The implications of the COVID-19 virus cannot be overstated. By month’s end, the American death toll may reach 700,000, about 12 percent more than perished in the Civil War, the deadliest conflict in our history. The Civil War split the country, shattered families, altered economic relationships, and created a new kind of politics that arguably dominated for a century. (It was only in the late 1960s that there were cracks in the Democratic Solid South, an immutable force in politics that assisted military mobilization in the years leading to World War II but resisted racial integration in the years following World War II.)

In similar fashion, the virus split the country, shattered families, altered economic relationships, and created, or at least amplified, a new kind of politics.

The Spanish flu of 1918-1919 was, in terms of death rates, more deadly than COVID-19. But its cultural and political implications were far less.

That earlier pandemic occurred in a far different country, less tied by means of communication, less aware of the sweep of the disease. And the flu was less politicized; the World War I-era pandemic barely rated a mention in the last two scholarly biographies of Woodrow Wilson, the president at the time. He never once mentioned it in public. It is a disgraceful record, earning Wilson the opprobrium of Tevi Troy, former deputy secretary of Health and Human Services in the George W. Bush administration and onetime CEO of the American Health Policy Institute, who in his book “Shall We Wake the President?: Two Centuries of Disaster Management From the Oval Office,” considered Wilson the country’s worst president in a disaster.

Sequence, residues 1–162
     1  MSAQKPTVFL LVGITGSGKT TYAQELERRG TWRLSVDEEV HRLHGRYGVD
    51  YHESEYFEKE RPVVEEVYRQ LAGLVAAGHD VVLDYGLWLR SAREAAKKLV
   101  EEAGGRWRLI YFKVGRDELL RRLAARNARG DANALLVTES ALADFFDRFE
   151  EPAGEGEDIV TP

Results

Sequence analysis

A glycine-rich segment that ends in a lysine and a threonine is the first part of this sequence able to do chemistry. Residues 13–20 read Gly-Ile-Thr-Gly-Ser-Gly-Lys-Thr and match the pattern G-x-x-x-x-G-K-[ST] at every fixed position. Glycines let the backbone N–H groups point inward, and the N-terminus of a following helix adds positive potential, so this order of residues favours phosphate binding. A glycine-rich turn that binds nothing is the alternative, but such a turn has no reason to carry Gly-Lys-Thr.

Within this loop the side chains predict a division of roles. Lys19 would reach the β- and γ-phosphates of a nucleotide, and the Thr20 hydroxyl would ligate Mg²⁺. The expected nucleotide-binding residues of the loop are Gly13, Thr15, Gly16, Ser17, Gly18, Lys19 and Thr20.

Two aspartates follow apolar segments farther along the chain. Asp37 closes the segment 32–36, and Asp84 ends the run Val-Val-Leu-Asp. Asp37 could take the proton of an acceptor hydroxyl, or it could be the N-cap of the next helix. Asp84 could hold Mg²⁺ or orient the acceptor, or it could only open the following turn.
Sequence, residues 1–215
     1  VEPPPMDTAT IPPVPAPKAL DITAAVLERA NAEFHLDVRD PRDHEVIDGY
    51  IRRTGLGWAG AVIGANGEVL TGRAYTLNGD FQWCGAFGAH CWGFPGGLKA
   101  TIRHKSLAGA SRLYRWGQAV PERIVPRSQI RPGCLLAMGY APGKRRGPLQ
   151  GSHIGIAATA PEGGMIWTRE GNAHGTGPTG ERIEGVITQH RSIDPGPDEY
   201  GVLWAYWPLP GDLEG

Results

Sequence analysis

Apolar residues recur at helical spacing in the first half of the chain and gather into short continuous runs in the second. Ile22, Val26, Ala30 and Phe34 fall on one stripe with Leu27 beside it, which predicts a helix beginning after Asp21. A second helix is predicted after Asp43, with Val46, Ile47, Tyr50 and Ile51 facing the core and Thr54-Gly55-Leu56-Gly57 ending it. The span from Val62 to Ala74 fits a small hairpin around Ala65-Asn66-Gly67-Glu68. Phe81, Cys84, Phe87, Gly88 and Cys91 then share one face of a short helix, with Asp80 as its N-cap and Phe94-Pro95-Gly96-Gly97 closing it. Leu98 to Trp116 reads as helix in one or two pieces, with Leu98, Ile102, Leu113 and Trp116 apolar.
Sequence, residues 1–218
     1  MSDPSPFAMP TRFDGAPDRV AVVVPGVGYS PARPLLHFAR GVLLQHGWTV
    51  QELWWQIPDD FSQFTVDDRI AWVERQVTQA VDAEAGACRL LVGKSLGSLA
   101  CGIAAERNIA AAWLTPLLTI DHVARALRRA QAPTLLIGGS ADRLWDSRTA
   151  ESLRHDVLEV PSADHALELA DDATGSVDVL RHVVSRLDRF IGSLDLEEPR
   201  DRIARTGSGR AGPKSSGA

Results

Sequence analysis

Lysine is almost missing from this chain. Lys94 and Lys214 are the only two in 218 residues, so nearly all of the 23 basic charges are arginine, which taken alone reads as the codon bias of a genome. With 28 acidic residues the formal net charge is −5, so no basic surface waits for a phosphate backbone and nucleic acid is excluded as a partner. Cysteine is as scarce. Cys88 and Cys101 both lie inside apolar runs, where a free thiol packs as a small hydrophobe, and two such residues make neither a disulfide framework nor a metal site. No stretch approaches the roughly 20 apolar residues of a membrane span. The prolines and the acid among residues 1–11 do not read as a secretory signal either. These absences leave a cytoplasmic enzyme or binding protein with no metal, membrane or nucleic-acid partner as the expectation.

But here’s the difference, or rather the indifference: The American response to the Spanish flu was nonpartisan. The sitting president neglected to address it (and may have hastened its passage through the population by continuing troop mobilizations when they might no longer have been necessary) but did not politicize it. The president who followed (Warren G. Harding) may have subliminally invoked the pandemic when he spoke of a “return to normalcy” — a return to a world without war or pandemic — but he didn’t make flu response an issue.